On Aug 20, 1961, Paige was the winning pitcher and MVP in the Negro American League All-Star game in front of 7‚245 fans at Yankee Stadium. Two days later, on Aug. 22, Paige agreed to join the Portland Beavers. GM Bill Sayles had not signed a pitcher as much as he had a reputation, what today would be labeled a “brand.” Sayles announced that Paige’s first start would come on Aug. 27., at Sicks’ Stadium, against the Rainiers (how this boosted Portland’s attendance isn’t clear).
In any case, Seattle newspapers did not stop the presses for Paige’s appearance, maybe owing to a heavy news week: Seattle’s Eddie Cotton would challenge Philadelphia’s Harold Johnson for the world light-heavyweight title at Sicks’ two days after the Paige-Rainiers doubleheader; the Cincinnati Reds had just awarded Seattle’s Fred Hutchinson a two-year contract extension; ex-UW quarterback Bob Schloredt had that week been handed his first start in the Canadian Football League, for the British Columbia Lions against the Edmonton Eskimos. Seattle newspapers also spilled considerable ink on the APBA Gold Cup at Lake Pyramid, NV., speculating ad naseum over whether Bill Muncey could win again (he did). And the most popular attraction at Longacres, the colt Sparrow Castle, had a major stakes race on the same Sunday Paige would pitch.
Besides, and for all his fame, Paige hardly ranked as a Seattle novelty. He had made several excursions to the city in the mid-1930s, with the aforementioned House of David, pitching with that fake red beard. Years later, in September of 1946, the Satchel Paige All-Stars had faced the Bob Feller All-Stars, also at Sicks’ Stadium, as part of an interracial nationwide tour, which was Feller’s idea and significantly helped fuel the integration that occurred a year later when Jackie Robinson crossed the color barrier.
The Paige-Feller matchup at Sicks’ cost a dollar per ticket, proceeds earmarked to purchase recreational equipment for World War II vets convalescing at area hospitals. Paige and the 26-year-old Feller (wise beyond his years) took the mound with rosters of active-duty servicemen representing the Sand Point Naval Air Base and the Seattle Coast Guard Operating Base, supplemented by ex-major and minor leaguers. Paige worked five innings, the same distance Feller went, and yielded only one hit, that to Feller (a single). When the “world’s two greatest pitchers,” as Seattle Post-Intelligencer columnist Royal Brougham described them, departed the game, the score stood 2-1 in favor of Paige’s team (Paige ultimately received credit for a 3-1 win).
“It was Ol’ Satch who stole the show,” Brougham opined, “with a surprising assortment of stuff for a geezer going on 50 (a geezer himself, Royal miscalculated by a decade: Paige was actually going on 40)”.
“Seattle? Yeah, I’ve been here lots of times,” Paige told The Seattle Times after the Portland Beavers arrived in Seattle. “A good town. Real good. Used to play regularly here with the House of David. Yes, it was a long time ago. And then I was here with Bob Feller, and that was a long time ago.”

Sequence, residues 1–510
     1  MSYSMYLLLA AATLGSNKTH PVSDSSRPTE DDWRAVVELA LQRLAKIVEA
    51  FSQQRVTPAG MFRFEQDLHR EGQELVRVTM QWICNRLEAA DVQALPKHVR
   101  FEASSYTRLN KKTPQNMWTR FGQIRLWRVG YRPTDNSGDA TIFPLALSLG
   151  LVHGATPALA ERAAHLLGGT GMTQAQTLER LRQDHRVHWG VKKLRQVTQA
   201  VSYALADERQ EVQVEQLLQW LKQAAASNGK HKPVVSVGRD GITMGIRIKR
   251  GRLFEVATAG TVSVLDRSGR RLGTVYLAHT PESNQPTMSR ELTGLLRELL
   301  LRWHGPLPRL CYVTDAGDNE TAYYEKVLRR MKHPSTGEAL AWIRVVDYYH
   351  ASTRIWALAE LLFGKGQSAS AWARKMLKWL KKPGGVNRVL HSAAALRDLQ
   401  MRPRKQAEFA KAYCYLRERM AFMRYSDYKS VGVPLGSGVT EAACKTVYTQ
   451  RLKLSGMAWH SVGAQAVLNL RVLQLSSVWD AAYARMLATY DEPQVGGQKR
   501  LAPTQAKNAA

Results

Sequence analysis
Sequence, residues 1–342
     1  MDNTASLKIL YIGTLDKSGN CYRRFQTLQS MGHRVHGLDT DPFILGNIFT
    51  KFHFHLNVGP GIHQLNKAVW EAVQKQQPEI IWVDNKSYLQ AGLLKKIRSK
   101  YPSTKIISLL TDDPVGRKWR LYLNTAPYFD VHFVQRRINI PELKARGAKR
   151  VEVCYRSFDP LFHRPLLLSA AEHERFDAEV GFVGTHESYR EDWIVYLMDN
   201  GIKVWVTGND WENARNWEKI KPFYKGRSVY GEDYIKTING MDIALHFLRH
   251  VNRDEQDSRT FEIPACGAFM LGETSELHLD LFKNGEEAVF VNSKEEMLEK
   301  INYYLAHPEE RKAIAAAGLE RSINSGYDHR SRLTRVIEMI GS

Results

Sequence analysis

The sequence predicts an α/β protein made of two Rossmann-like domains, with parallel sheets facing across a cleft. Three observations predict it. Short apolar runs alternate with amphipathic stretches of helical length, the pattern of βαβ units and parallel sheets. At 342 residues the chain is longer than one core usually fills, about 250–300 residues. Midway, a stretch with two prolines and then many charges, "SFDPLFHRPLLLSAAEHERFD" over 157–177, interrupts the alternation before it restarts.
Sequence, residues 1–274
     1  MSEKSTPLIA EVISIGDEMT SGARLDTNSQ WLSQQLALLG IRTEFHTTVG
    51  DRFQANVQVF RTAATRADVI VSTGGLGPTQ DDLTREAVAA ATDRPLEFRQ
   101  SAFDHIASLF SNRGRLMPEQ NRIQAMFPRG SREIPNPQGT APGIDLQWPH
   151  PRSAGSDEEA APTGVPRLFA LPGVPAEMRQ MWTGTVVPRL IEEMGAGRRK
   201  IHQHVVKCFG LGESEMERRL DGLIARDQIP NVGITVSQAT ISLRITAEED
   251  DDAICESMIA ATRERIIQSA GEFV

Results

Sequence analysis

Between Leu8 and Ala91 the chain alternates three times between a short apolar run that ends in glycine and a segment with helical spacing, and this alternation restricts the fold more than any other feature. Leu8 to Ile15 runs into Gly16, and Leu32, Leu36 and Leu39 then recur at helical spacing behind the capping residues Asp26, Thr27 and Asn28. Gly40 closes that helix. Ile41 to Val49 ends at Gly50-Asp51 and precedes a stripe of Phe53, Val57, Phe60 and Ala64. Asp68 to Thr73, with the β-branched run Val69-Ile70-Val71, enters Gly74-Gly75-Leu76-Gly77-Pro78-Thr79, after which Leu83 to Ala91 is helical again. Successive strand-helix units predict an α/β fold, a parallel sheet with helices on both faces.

Talk about Paige’s mysterious age consumed all pre-game oxygen, and for good reason. It had already been 15 years since geezer Brougham called Paige “a geezer.” Dave Mann of the Rainiers insisted to the local rags that Paige was 65 years old. “It’s simple arithmetic. I played with him about five years ago,” said Mann. “Ol’ Satch was 60 then.”
For his part, Paige refused to be drawn into the debate “I’m between 50 and 60,” he maintained. “I’ll say no more than that”, but added, “I’ve got to pick my spots just a little now. I lean toward relief, actually. That way I can keep going for a long time. Your fastball loses a little snap when you cross 50.”
Due to that week’s news crush, or maybe because of Seattle manager Johnny Pesky’s tepid opponent, the Portland Beavers, the doubleheader drew 4,763, 2,888 fewer than witnessed Sparrow Castle rally from 10 lengths down in the stretch to win the Pacific Coast Maturity at the Renton oval.
Splitting the sympathies of a gallery that wanted to see Seattle win and Paige to perform well, the ancient worked four innings, then was lifted for a pinch hitter, Gerry Mason. Paige allowed two unearned runs in the first, three hits overall, walked two, fanned three and took a no-decision in a 3-2 loss, which followed an 11-8 Rainier win in the opener in which Seattle scoffed at an early four-run deficit by scoring seven runs in the seventh.
“The only thing we worried about was that he (Paige) might make us look bad with some trick pitch, like the eephus ball (very slow pitch that catches hitters off guard). Otherwise, he didn’t throw much different than anyone else,” said Rainiers outfielder Lou Clinton (well, the guy was 55 years old).
Among the 4,763 Sicks’ Stadium attendees on Aug. 27, 1961: Eddie Cotton, Harold Johnson and Johnson’s manager, Pat Olivieri (they are gathered, with Paige, at home plate in the photo above). Cotton had already lost one chance to become world lightweight champ and his Sicks’ Stadium bout likely would be his last shot. Sure enough, he dropped a split decision to Johnson, and it indeed marked his final title opportunity. Johnson, a Philadelphian, went into the Boxing Hall of Fame in 1993.
Olivieri (far right in the photo) is the second most-interesting man pictured. Years earlier, he had launched a south Philadelphia eatery, Pat’s King of Steaks, which became famous after Olivieri co-invented with brother Harry the Philly Cheesesteak, which, as one newspaper reported, “defines the town more than Tasty Kakes, soft pretzels and Champ Cherry Soda.”
Paige pitched just five games for the Beavers. In all, he went 0-0 with a 2.88 ERA, although the Beavers went 4-1 in his outings. His five appearances attracted crowds of 4,763, 4,437, 4,522, 3,613 and 4,574.
After his short stint in Portland, Paige returned to barnstorming. Finally, on Sept. 25, 1965, at age 59, Paige, in a set-up appearance designed to qualify him for a major league pension, pitched three shutout innings for the Kansas City Athletics, making him the oldest player to participate in a major league game.
Satchel Paige entered the Hall of Fame in 1971 and died of a heart attack in 1982. Most baseball historians now believe Paige pitched in more than 2,500 major league, minor league and barnstorming games (roughly 1,900 more than Cy Young’s major league total), winning some 2,000 (1,500 more than Young).
Since the results of his House of David games cannot not be fully documented, Paige finished with an unofficial record of 1-0 in Seattle, that 1946 decision at Sicks’ Stadium over Rapid Robert Feller.
Many of the historic images published on Sportspress Northwest are provided by resident Northwest sports history aficionado David Eskenazi, who writes “The Wayback Machine” every Tuesday. Check out David’s “Wayback Machine Archive”. David can be reached at (206) 441-1900, or at the following e-mail address: email@example.com
(“Wayback Machine” is published every Tuesday as part of Sportspress Northwest’s package of home-page features collectively titled, “The Rotation.”)